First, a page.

Paddle - BWCA, Quetico, Sylvania, and other paddling places

2021 Trips - 2nd Staff Training Trip

By Riley Smith Print Icon Print Report View/Leave Comments (0)
Dates:June 14-17, 2021
Entry Point:52 - Brant Lake (BWCA)
Lakes:Agamok, Annie, Bat, Brandt, Eddy, Edith, Flying, French, Gabimichigami, Gillis, Gotter, Green, Gull, Jenny, Knife, Little Knife, Mueller, Ogishkemuncie, Ottertrack, Peter, Ron, Round, Saganaga, Swamp

Our put-in was on Round Lake with a permit for Brant which meant a long first day of portaging for sure! We portaged into Edith, and I showed the crew the channel into Brant. The portage into Gotter is a doozie, and we all enjoyed a snack paddling past the base of the cliffs there. We headed down the stairs from Gotter to Flying and over the ridge towards Green. Through Green and Bat and Gillis we traveled, learning how to portage efficiently together. On French, we had a group decision time of traveling through Peter or Powell. The group chose the longer portage into Peter rather than the multiple portages through the smaller lakes...a wise choice I think. This area burned really hot in the fire and the high stone ridges still rise exposed through the rapidly regenerating forest. The portage into Gabi is a gem with a lovely view of one of the deepest lakes in the BWCAW. We paddled out to the point and around the corner and found the campsite on the narrows open...a good sign. It was worth checking out the island sites though since it is one of the region’s best. Sure enough, it was open! One of the quirks of this trip was camp had bought a wide selection of solo camping options for the guides to borrow during the summer. Since Covid regs were still in effect, having the guides sleep well separate of the groups was the easiest call. We packed all of the options on this trip and each guide slept in a different shelter; those who were borrowing rotated each night. It was a marvelous sunset above the high ridges of Gabi and a spectacular reward for a hard day of travel.

The next morning, we woke, had breakfast, and headed for the portage out towards Agamok. There, we found an odd pair of prescription, bright pink sunglasses. We traveled down Agamok and took the portage, spending a fair bit of time around the falls and the bridge. It was easy travelling into Ogish and through Annie and Jennie and Eddy where I reminisced of trips past and the memories tied to each portage. We stopped briefly at Eddy Falls before heading out into Knife, choosing a small burnt-out island for our lunch stop. We took a portage into the north arm, passing an odd campsite with a flag flying as we went. We took the border portage at the end of Little Knife. Every campsite thereafter was full except for the one closest to the “inland” portage. It’s a neat wilderness site with the largest bench I have ever seen, a monstrous white pine log I am still unsure of how they moved as far as they did. I spent the evening exploring this wonderful corner of the wilderness from the collosal wrecked white pines to the one poor bear tree full of lost bear ropes. I inherited a fair bit of paracord and rope that day!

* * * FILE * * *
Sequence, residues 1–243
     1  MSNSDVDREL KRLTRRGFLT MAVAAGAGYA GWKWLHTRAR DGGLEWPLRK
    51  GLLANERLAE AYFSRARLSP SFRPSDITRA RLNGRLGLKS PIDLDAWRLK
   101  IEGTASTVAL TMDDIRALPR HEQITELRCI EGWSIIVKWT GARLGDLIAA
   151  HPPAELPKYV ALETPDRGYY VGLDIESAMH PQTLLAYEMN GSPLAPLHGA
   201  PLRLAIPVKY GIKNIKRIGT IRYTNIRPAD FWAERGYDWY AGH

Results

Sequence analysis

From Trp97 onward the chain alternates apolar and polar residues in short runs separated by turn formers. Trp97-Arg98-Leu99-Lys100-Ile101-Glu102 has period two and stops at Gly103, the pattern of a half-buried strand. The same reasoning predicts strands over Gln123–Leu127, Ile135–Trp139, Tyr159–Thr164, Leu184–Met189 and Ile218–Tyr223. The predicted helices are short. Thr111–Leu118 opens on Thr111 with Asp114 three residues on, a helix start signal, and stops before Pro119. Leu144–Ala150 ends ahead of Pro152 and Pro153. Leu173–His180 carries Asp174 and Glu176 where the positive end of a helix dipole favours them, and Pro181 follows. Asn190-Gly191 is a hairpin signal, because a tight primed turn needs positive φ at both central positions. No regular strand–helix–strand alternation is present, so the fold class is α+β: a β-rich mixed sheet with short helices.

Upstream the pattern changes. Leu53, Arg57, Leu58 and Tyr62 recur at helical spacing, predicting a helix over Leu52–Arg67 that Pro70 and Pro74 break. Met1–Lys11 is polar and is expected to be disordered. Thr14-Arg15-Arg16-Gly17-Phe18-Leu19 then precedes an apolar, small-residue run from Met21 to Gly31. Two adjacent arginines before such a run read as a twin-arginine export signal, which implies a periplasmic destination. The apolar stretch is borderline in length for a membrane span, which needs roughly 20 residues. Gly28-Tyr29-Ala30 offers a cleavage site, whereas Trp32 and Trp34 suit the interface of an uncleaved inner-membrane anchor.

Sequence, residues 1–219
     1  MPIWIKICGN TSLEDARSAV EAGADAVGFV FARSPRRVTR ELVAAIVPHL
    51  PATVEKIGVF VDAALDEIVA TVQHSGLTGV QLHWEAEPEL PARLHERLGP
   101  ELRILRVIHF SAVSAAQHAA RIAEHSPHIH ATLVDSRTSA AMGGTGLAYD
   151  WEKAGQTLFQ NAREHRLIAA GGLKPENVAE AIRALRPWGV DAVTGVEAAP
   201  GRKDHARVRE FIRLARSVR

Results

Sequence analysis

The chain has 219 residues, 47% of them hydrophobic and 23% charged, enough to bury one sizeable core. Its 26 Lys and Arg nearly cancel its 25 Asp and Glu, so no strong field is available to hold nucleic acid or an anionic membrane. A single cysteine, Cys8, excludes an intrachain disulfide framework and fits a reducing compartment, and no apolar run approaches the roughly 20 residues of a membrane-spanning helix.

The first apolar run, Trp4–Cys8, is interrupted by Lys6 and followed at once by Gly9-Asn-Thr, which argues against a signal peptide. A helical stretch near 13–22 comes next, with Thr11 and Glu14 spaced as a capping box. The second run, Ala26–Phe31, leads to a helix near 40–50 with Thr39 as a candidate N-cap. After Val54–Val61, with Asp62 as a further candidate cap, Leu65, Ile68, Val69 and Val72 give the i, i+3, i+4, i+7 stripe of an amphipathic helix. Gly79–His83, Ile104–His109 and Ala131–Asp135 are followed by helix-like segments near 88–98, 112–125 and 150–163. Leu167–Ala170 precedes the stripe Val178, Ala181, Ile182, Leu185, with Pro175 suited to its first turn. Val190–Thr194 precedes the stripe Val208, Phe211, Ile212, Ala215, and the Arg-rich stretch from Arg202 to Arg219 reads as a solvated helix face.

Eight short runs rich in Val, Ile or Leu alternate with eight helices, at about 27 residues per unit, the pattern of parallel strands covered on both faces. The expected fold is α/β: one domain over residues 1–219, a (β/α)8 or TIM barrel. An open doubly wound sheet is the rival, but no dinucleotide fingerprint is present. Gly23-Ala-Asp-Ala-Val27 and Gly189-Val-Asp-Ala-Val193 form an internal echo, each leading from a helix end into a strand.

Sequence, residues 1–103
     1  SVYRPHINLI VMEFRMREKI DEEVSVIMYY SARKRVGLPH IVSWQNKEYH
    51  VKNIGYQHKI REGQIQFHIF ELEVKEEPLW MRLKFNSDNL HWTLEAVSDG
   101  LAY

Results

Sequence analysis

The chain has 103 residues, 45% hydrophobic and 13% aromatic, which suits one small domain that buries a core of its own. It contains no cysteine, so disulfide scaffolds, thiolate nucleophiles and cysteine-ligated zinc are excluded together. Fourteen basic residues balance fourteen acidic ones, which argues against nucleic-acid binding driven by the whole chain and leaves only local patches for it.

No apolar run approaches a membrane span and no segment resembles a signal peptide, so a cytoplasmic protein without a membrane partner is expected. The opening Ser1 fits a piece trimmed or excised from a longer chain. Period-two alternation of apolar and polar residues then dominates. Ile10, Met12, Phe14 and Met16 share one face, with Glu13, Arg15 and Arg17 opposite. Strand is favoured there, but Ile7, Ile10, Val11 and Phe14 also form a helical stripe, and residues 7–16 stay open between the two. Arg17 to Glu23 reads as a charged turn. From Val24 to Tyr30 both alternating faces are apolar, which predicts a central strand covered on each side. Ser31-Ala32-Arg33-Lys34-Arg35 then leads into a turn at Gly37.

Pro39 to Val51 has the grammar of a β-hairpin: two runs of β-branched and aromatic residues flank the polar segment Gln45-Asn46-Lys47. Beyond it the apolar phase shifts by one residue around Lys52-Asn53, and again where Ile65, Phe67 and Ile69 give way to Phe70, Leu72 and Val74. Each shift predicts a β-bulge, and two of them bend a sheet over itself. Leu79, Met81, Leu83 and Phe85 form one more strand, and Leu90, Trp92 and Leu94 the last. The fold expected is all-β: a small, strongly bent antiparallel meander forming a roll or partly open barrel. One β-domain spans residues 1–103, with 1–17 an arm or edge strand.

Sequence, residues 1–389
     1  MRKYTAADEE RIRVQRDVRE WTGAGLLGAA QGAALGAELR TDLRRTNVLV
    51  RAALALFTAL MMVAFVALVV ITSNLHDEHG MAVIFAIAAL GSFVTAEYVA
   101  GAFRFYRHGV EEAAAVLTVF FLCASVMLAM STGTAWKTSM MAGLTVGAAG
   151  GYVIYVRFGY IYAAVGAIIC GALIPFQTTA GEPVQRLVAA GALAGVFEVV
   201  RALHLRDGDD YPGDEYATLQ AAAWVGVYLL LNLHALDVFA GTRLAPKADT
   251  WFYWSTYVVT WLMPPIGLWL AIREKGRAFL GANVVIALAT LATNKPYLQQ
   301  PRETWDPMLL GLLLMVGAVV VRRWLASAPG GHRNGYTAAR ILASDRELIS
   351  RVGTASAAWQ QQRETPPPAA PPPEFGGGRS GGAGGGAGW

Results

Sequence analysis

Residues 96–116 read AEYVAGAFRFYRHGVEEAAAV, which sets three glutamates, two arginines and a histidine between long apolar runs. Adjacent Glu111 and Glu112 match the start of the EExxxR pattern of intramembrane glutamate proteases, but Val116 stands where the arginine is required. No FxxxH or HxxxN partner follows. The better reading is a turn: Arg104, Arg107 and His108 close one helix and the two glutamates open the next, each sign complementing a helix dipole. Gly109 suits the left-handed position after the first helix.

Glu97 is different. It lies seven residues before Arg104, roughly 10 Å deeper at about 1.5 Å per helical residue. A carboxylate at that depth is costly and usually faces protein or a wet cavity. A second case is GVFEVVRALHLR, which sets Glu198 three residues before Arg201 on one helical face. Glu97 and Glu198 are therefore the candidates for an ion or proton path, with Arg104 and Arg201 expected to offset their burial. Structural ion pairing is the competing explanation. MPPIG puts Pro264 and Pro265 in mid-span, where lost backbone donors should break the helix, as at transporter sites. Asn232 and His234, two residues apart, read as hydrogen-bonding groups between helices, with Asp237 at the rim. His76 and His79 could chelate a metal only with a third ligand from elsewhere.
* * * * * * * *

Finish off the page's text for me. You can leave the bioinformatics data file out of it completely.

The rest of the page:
The third day was our shortest travel day. We headed down Ottertrack where I played tour guide and led the group in paying respects at Benny’s. Ottertrack is a mystifyingly beautiful lake that easily besets itself in the hearts of those visiting for the first time. The monument portage was also a wonderful new experience for some of the staff as we made time for Saganaga. As we would be getting picked up at Trail’s End the next day, it seemed fitting to stay on the west side of Sag rather than heading too far. We picked a site there. We were given a few hours of free time that afternoon so I set out on a long hike south in search of Lone Lake. In retrospect, I didn’t come well prepared for this venture. It’s really magnificent country back there though, and all of it is so different from what I expected as I tromped through a massive Red Maple forest with scattered creek channels throughout. After a long hike, I hit a massive tamarack swamp which I now believe to be SW of Lone Lake. I never found the lake, but knew I best be getting back. The problem was, I wasn’t super well equipt for actually knowing where I was. I have better-than-average woods sense and my forester mind navigates quite well by familiar trees and forests, but it was still a long way back to camp. I set myself on a generally northward course knowing I would hit Sag eventually. When I finally hit the water, behold, I popped out just across the bay from my group! I managed to flag them down for a ride back which they happily provided. We had a wonderful night of reminiscing about the trip.

On the final day, the "guide for the day" royally scorched our cream of wheat rations - major campsite whoopsies. After trying to clean up, we paddled east on Sag, stopping briefly on an island for a snack break. Near the narrows, I let the group in on another outfitter special overlook which was enjoyed by all before heading for Trail’s End and the ending of guide training. The first trips of the season are around the corner!

New Messages